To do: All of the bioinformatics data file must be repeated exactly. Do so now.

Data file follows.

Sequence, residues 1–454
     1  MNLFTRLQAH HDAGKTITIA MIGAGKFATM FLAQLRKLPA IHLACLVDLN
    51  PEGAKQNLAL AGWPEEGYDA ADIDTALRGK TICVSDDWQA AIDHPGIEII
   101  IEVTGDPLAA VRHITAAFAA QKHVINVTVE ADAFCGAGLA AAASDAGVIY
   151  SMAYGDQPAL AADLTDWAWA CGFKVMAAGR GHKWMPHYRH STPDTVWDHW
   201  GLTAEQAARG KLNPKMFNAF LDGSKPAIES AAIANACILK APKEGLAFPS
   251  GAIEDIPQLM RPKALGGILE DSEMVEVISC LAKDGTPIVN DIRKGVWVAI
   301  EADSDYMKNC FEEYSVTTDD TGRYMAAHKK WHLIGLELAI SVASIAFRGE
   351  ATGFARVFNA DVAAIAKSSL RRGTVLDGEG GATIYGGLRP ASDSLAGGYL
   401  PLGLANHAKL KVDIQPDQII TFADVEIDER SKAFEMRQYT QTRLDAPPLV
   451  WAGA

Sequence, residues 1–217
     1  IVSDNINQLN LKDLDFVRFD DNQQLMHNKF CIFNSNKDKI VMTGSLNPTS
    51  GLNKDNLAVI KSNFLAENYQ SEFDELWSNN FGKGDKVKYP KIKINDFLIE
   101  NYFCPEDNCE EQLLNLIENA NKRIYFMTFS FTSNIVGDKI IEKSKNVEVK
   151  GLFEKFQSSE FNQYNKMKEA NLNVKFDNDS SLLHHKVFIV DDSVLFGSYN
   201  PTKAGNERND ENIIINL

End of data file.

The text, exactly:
Sequence, residues 1–454
     1  MNLFTRLQAH HDAGKTITIA MIGAGKFATM FLAQLRKLPA IHLACLVDLN
    51  PEGAKQNLAL AGWPEEGYDA ADIDTALRGK TICVSDDWQA AIDHPGIEII
   101  IEVTGDPLAA VRHITAAFAA QKHVINVTVE ADAFCGAGLA AAASDAGVIY
   151  SMAYGDQPAL AADLTDWAWA CGFKVMAAGR GHKWMPHYRH STPDTVWDHW
   201  GLTAEQAARG KLNPKMFNAF LDGSKPAIES AAIANACILK APKEGLAFPS
   251  GAIEDIPQLM RPKALGGILE DSEMVEVISC LAKDGTPIVN DIRKGVWVAI
   301  EADSDYMKNC FEEYSVTTDD TGRYMAAHKK WHLIGLELAI SVASIAFRGE
   351  ATGFARVFNA DVAAIAKSSL RRGTVLDGEG GATIYGGLRP ASDSLAGGYL
   401  PLGLANHAKL KVDIQPDQII TFADVEIDER SKAFEMRQYT QTRLDAPPLV
   451  WAGA

Sequence, residues 1–217
     1  IVSDNINQLN LKDLDFVRFD DNQQLMHNKF CIFNSNKDKI VMTGSLNPTS
    51  GLNKDNLAVI KSNFLAENYQ SEFDELWSNN FGKGDKVKYP KIKINDFLIE
   101  NYFCPEDNCE EQLLNLIENA NKRIYFMTFS FTSNIVGDKI IEKSKNVEVK
   151  GLFEKFQSSE FNQYNKMKEA NLNVKFDNDS SLLHHKVFIV DDSVLFGSYN
   201  PTKAGNERND ENIIINL